reply to from bankey:
    Repeat after me:
    Italics is the submitter.

    Would you rather the editors alter your words?

    Thus spake the Moose:
    I only have to say, the one article out of 30 that was accepted was of the title: Microsoft article on those were my words.
    and the "this article on" were mine as well. Everything after that I was *grilled*, *filleted* and *slow roasted* for words that were not mine. (I said "interesting idea"..editors says "extensions of MS further monopoly"...granted it was alluded to in the article, but WTF. For the most part, editors don't get grilled on /. mainly the submitter. As aozilla found out...welcome to the club...after it hits you repeatedly you will learn...or not)

    Clearly "bankey" has no clue what an "editor" does...edits, mangles, destroys, clarifies, distills and after all that puts all the above adjectives in a blender and then diseminates it to a readership.

    All I can say to ya'll submitting to /. is:
    If your article is not thought provoking, inflammitory, the cause of a flame war, MS bashing, Linux bashing or in any way counter to any type of groupthink, RI/MP aa hating...well, I seriously doubt you will utter the words "What was I thinking/smoking" when I submitted *that*.

  • by metis ( 181789 ) on Friday December 21, 2001 @02:32AM (#2736246) Homepage
  • Re:Innovation (Score:3, Interesting)

    by ThatComputerGuy ( 123712 ) <> on Friday December 21, 2001 @04:08AM (#2736408) Homepage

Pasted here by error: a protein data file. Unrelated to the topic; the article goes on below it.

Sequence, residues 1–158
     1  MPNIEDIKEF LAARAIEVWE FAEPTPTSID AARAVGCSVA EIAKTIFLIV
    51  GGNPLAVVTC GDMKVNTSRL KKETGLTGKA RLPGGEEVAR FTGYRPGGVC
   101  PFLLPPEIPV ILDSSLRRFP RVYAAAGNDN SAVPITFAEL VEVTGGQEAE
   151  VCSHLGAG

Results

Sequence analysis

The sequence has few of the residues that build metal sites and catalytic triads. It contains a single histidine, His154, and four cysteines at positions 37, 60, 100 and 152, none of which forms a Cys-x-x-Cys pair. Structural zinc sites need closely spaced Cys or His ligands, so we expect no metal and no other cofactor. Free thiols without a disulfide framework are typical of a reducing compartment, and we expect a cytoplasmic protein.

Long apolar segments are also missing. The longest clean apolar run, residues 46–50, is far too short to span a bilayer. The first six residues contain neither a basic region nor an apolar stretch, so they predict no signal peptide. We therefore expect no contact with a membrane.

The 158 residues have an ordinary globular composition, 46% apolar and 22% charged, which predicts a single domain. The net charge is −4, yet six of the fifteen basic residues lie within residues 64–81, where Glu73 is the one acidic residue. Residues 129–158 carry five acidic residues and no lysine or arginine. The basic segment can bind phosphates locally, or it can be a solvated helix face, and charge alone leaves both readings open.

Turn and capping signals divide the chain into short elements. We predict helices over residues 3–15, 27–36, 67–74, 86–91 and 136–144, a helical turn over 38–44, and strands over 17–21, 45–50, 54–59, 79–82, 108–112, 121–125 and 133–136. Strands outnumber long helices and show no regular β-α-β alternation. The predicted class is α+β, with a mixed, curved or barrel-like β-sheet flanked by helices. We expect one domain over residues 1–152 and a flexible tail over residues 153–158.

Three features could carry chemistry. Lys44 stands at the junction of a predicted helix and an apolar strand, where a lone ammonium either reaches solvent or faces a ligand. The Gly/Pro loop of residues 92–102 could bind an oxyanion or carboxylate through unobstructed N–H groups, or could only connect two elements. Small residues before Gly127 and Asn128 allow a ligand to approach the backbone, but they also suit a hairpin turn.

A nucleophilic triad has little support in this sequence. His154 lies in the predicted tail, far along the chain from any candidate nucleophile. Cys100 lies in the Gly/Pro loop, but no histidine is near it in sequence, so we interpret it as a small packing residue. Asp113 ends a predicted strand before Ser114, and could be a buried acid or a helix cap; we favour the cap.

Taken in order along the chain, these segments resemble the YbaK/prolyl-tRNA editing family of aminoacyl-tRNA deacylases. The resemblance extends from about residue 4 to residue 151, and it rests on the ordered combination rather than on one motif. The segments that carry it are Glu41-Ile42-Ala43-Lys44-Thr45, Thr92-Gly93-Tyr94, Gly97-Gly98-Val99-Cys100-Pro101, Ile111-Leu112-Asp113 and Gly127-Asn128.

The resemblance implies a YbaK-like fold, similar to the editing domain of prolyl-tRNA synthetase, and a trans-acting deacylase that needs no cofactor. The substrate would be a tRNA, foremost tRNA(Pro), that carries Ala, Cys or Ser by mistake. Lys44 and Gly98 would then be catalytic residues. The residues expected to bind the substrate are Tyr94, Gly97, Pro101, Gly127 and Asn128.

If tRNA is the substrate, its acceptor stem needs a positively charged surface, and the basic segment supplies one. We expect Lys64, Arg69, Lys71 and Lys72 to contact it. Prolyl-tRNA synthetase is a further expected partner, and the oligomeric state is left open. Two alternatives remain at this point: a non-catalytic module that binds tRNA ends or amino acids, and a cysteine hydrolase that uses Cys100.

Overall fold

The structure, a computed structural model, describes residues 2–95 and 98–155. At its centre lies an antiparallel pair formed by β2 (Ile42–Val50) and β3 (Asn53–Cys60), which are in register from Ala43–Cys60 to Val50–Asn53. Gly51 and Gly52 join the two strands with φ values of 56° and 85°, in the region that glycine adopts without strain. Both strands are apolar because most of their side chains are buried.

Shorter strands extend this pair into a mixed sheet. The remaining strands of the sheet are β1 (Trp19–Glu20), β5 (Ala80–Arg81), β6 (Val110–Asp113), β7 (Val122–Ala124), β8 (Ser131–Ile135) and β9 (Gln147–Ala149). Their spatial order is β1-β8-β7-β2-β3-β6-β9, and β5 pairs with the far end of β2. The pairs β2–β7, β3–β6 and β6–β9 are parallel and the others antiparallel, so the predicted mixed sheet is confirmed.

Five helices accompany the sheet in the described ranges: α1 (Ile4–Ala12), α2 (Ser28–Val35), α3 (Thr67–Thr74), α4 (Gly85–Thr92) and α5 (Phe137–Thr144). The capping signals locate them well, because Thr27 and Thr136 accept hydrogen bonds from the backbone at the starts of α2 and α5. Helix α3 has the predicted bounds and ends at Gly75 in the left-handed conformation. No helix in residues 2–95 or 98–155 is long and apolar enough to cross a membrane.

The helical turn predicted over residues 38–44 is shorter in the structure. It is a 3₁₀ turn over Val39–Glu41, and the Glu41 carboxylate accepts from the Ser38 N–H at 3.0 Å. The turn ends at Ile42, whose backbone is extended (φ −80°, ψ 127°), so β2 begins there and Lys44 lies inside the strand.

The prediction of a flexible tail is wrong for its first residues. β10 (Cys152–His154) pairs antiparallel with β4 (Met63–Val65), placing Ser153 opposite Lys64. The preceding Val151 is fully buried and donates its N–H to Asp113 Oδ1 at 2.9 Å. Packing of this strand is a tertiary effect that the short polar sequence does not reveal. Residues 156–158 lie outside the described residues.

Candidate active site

I tried VMware for quite a while on a K6-2 550 w/ 256 ram and a TNT2. It did not work "beautifully". Sure, a K6-2 isn't the ideal machine to use to emulate a whole other machine, but then again, that's the problem with VMware: it basically emulates a whole new system.

    AFAIK, Lindows runs Windows on top of Linux (just like Win4Lin?), instead of emulating a whole i386 machine. Obviously, this will perform much better than VMware on a low-end machine.

    I haven't tried Lindows or Win4Lin, but I have tried both VMware and Wine, and for obvious reasons, Wine is a ton faster; after all, Wine is just another implementation of the APIs.

    Now tell me, if you're stuck on a 550 as I've been (until tomorrow, 1600+, w00t!), wouldn't you be happy to hear that there's a native Win-on-Linux solution supposedly in the works so you can stop faking a whole other machine?
  • May be Repeating (Score:2, Interesting)

    by RazzleFrog ( 537054 ) on Friday December 21, 2001 @09:34AM (#2736994)
    Disclaimer -> Just got started this morning and I don't feel like reading 400 comments so I may be repeating somebody else thoughts.

    Lindows had this planned from the beginning. They knew that by using a deceptively similar name they would get sued and receive tons of free publicity.